Fate of health care provider tax up for debate late in session

The fate of the Health Care Provider Tax is one of the key issues in play as the 2019 Minnesota Legislature enters its final days. The 2 percent tax, which is to sunset at year’s end, provides a $700 million revenue stream each year. Those dollars cover an array of health care costs for people with disabilities, the elderly, children and low-income Minnesotans.

Gov. Tim Walz has made it clear he wants to extend the tax, appearing at capitol rallies in support. House members also want to retain the tax, as do state commissioners on health and human services. But the Republican-controlled Senate is critical of the tax, with some describing it as a “sick tax.”

Republican leadership fought to keep the provider tax extension out of the Senate health and human services bill, while the repeal of its subset is included in the House version. Senate leadership argues that if the programs are important, money can be founded elsewhere. They also say that not having the tax in place already would provide a health care cost reduction.

Tax advocates contend that it would be foolish to cut so much out of the state’s roughly $7 billion health and human services spending.

More than 100 varied interest groups want the tax to continue. Nonprofits,
medical groups, insurance companies, counties and disability rights activists are in the fight. The This is Medicaid coalition has been a high-profile player in the ongoing debate.

Department of Human Services (DHS) Commissioner Tony Lourey has defended the tax’s continuation. Minnesota’s human services spending needs to hit specific levels so that federal funds can come to the state. Not having the funding would trigger federal program compliance issues.

On top of that, it’s likely that DHS would see a reduction in related central office operations and face a $40 million cut over the biennium. That would force staff cuts and affect delivery of services.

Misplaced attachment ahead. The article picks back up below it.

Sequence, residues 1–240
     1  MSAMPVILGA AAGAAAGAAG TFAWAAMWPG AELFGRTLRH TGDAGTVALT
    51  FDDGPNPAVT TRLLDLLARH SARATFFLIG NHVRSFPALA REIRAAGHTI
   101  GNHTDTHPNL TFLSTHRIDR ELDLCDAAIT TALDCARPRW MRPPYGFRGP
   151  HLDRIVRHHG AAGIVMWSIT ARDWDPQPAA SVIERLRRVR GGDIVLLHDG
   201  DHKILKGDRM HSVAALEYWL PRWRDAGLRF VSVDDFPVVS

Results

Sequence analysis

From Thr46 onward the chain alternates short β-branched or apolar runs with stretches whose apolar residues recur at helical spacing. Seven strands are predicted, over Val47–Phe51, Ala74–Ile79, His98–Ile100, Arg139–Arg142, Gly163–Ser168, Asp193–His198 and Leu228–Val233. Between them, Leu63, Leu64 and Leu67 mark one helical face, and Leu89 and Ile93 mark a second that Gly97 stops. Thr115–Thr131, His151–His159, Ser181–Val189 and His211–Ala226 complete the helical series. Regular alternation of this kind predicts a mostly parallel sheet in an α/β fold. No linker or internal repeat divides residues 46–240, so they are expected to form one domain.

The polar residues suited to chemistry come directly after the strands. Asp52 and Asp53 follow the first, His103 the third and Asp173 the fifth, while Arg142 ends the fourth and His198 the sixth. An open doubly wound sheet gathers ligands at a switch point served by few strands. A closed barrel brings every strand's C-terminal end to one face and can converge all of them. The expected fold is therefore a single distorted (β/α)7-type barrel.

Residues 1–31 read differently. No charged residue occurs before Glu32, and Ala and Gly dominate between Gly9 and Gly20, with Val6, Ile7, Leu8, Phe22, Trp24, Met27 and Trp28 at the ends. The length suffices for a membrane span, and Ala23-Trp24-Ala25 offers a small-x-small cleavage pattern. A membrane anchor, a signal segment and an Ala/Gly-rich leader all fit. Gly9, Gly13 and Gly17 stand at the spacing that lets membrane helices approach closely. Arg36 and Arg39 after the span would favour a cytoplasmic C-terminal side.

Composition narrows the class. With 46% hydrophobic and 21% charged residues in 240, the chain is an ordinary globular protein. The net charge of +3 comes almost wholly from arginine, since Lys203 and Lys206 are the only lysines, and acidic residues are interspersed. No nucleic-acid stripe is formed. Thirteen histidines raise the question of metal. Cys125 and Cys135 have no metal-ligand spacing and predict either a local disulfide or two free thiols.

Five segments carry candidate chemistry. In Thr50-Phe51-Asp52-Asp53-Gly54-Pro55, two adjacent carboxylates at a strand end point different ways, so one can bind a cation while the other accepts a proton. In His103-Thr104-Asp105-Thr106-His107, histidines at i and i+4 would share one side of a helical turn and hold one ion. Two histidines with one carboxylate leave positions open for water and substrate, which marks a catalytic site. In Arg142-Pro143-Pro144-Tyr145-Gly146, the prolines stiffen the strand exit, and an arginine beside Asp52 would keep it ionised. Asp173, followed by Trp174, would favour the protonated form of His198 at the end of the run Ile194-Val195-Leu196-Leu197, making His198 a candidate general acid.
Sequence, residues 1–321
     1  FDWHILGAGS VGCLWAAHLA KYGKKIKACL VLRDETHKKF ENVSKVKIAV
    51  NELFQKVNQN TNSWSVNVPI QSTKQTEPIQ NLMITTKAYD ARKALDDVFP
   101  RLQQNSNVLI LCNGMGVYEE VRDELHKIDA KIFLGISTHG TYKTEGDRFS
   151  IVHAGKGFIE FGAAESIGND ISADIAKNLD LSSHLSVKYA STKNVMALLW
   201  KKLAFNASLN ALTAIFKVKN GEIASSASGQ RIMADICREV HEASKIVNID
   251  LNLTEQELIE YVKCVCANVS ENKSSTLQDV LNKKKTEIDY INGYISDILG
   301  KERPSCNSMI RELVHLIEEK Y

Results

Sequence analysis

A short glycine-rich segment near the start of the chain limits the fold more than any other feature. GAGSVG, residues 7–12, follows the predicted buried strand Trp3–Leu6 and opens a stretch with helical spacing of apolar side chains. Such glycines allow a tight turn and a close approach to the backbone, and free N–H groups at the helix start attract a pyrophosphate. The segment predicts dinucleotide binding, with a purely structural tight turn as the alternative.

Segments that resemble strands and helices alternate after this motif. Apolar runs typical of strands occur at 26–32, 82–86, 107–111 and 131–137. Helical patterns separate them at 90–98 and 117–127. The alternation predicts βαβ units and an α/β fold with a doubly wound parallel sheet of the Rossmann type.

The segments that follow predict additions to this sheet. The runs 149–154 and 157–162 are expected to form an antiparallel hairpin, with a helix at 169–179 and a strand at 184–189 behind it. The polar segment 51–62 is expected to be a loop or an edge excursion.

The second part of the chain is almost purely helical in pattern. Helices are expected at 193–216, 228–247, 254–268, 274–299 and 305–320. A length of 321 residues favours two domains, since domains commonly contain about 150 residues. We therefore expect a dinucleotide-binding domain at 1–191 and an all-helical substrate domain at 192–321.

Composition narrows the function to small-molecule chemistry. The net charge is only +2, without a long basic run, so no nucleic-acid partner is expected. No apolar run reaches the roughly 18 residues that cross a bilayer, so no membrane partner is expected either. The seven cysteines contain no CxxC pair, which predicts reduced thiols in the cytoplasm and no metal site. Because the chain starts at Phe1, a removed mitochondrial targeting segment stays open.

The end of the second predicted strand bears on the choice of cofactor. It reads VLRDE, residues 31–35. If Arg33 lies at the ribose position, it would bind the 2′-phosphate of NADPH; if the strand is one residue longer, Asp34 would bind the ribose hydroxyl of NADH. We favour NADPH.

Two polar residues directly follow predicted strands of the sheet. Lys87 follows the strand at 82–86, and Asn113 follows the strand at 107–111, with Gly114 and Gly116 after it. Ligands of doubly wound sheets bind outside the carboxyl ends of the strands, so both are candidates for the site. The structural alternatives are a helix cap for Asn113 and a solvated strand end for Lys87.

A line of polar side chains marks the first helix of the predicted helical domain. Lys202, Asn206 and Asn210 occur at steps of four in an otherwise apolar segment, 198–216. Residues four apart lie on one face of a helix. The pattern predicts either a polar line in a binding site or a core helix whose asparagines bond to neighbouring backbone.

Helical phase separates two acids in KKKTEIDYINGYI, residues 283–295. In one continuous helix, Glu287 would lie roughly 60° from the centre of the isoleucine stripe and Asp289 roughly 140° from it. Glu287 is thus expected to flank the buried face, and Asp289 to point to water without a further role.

Another commissioner who has spoken out in support of keeping the tax is Health Commissioner Jan Malcolm. Her department also relies on the tax for some of its funding. She has pointed out increased Health Department work outlined in the omnibus health and human services finance bill, including the launch of a proposed licensing system for assisted living facilities.

Concerns about assisted living facilities have sparked the call for more state oversight and licensing.

Walz has repeatedly said that he will not put the health of Minnesotans at risk and has said the tax is “not negotiable.” House Minority Leader Kurt Daudt (R-Crown) has countered by noting that Minnesota cannot decrease health care costs by increasing health care costs.

The provider tax was signed into law by then-Gov. Arne Carlson, with a 2 percent tax on providers and a 1 percent tax on health maintenance organizations. It was originally intended to fund the Health Care Access Fund and MinnesotaCare, the public insurance program many of the state’s working poor rely upon. MinnesotaCare drew on the tax when it began in 1992.

Over the years more of the MinnesotaCare costs shifted to the federal government through Medicaid waivers. Passage of the Affordable Care Act freed up the tax dollars for other purposes in 2014. MinnesotaCare covers about 90,000 people today.

The Health Care Access Fund now covers other programs including Medical Assistance, as well as operations in the Department of Human Services and the Department of Health, as well as a provider training program at the University of Minnesota.

In recent years tax proceeds covered approximately 25 percent of Minnesotan children, and half of nursing home residents and people with disabilities. About 35 percent of Medical Assistance spending paid for long-term care, and 45 percent paid for managed care.

If the provider tax only paid for MinnesotaCare then Minnesota could sunset the 2 percent provider tax without consequence. But sunsetting the tax could have profound and serious implications for thousands of Minnesotans, with major disruption of care and putting health care at risk for many starting as soon as 2022.